Here's the deal. Suppose every addressee cost the sender, say, one cent. Would legitimate businesses be willing to pay this, in order to increase the likelihood that recipients would read their missives? I believe the answer is yes. The ISP could collect the fee, keep a small portion for its accounting service, and remit the remainder to Uncle. The proceeds might not retire the national debt, but they could fund an Internet fraud squad.

 The Internet is no longer a research-oriented network for academics. It is part of the business landscape, and postage is part of the cost of doing business. Why should email be free?  

This idea has the benefit of not tampering with free speech, not controlling content. It just changes the economic model for direct-email marketing.

 If a million-message-a-day spammer had to pay to distribute its messages, some of them might actually go out of business, or at least refine their lists and cut down on the instances of unwanted commercial email. If the marketing companies are paying a bounty to third-party mailers for delivered messages, make the postage exceed that delivery bounty. Make it financially difficult, if not impossible, to make a profit by spamming.

 There have been suggestions to require ISPs to inspect each message, to make sure it's not illegal, immoral, or offensive. This is virtually impossible, there aren't enough humans to take on this judgmental work. And, ISP-enforced censorship can be a slippery First Amendment slope, asking humans to approve others' messages one-by-one. First porn, then sexual-enhancement drugs, then lower-cost prescriptions, home refinancing...where is the line that one should not cross?

 There have also been suggestions that senders must provide a valid address, which is a worthy objective, but not easy to accomplish, technically. They’re working on it, but it’s a way off, and you can bet the bad guys will figure a work-around.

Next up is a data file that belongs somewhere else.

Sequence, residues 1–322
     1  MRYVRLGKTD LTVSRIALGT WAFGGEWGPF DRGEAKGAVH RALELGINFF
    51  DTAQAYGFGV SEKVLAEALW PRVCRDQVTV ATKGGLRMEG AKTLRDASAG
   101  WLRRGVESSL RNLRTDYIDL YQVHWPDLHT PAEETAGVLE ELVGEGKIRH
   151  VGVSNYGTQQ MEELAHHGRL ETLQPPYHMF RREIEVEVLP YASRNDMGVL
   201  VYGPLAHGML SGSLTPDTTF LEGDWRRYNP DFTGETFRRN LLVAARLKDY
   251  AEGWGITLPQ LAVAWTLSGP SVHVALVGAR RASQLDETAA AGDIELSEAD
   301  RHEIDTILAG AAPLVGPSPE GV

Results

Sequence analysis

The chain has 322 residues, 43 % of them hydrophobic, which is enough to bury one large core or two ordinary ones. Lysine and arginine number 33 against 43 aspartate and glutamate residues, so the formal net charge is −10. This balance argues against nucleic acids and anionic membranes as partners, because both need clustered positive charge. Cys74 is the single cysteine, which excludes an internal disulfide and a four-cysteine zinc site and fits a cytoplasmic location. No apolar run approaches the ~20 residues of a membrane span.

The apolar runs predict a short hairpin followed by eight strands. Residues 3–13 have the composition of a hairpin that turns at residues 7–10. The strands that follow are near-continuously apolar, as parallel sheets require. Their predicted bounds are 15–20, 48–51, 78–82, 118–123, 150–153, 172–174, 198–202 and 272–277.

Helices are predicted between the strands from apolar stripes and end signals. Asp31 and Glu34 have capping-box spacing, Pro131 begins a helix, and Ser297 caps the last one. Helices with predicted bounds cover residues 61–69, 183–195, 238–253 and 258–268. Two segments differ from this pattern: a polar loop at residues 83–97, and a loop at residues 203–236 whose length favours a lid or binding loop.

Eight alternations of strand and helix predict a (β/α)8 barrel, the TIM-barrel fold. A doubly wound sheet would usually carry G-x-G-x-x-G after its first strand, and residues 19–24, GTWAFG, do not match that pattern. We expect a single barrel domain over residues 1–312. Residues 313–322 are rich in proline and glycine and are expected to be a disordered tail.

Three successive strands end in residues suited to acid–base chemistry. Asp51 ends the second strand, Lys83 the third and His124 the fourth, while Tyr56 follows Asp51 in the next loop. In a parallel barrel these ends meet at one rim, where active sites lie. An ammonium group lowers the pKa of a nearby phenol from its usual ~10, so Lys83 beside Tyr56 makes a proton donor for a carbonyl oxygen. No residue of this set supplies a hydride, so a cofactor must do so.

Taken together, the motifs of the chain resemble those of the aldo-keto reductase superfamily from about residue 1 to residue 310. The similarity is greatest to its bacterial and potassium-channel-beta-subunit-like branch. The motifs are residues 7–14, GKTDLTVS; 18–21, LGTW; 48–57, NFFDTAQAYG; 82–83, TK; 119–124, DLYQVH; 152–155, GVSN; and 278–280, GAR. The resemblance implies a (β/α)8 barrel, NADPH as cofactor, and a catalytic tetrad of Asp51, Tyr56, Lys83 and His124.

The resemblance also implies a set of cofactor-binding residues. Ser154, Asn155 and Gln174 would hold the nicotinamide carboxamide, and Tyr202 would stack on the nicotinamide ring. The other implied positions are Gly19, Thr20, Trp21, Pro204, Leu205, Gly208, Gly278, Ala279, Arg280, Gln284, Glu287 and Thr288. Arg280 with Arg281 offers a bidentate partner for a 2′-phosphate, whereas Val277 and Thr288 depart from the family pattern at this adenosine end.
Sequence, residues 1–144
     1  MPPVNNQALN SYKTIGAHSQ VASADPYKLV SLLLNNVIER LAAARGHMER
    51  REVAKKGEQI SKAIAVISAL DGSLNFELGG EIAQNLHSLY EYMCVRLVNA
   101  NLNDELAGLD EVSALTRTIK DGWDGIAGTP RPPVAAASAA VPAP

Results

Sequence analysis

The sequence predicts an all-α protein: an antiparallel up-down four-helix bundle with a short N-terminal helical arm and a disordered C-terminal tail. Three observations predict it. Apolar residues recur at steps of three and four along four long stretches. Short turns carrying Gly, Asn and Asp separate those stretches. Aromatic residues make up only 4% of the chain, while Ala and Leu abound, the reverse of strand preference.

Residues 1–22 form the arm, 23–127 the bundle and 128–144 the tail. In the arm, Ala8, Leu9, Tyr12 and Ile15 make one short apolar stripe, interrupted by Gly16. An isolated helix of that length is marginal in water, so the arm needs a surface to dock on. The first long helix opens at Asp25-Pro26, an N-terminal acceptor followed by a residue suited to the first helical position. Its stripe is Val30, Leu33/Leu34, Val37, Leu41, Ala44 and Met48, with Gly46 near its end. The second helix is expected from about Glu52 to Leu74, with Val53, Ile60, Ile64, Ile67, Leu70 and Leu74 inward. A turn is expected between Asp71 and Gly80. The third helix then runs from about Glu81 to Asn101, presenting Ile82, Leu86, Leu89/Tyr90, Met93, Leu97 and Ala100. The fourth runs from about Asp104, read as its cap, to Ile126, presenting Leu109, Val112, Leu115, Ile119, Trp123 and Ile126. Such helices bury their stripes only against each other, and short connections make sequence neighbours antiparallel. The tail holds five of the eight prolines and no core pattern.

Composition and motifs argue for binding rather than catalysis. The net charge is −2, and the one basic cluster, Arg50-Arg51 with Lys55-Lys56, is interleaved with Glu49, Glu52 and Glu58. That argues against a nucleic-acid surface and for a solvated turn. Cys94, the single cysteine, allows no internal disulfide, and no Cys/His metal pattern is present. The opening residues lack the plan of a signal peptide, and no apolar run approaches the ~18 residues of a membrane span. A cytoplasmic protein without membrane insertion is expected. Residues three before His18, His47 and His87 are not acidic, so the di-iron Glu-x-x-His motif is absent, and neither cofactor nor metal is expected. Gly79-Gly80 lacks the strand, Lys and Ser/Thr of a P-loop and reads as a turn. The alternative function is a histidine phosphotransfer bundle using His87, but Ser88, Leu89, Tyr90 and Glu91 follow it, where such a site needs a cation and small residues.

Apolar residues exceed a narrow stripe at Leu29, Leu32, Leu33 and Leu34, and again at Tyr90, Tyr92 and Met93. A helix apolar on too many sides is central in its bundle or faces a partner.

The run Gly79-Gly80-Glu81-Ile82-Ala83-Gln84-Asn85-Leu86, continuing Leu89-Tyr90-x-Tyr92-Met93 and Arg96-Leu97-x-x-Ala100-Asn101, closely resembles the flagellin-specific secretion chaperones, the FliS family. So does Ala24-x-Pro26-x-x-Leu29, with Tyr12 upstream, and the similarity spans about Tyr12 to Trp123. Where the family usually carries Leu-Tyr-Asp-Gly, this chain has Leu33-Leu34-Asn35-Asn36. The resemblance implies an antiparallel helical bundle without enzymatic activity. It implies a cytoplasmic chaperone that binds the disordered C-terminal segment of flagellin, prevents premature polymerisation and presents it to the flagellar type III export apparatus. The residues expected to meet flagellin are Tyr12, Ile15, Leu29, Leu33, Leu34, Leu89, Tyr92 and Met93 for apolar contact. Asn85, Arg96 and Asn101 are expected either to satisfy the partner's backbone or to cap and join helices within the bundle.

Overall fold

The do-not-spam registry is a nice idea, just like the do-not-call registry. But people can run from ISP to ISP, spoof their identity or create a new one, all without fear of detection. The experience so far is not very convincing.

 Hiding behind the right of free speech and the reality of free email, they send their messages willy-nilly. Make them pay, and they'll think at least twice about the number of messages they are sending, and that is a big step in the right direction...without trampling the First Amendment.

 Legitimate mailers, including vendors sending support, warranty, or product-update messages to customers, could institute an opt-in service that could be exempt, as exists with the do-not-call registry.

 The only argument against this is whether we want the government messing with the Internet. And I say this: it's better to have the government enforcing a realistic business model than messing with content. We already have laws against solicitation, child porn, etc. They are not working, in the Internet environment. Messing with the bottom line, now there's something that will get people's attention. 

And that’s also the irony of ironies: perhaps speech on the Internet, the bastion of free speech, should not be free.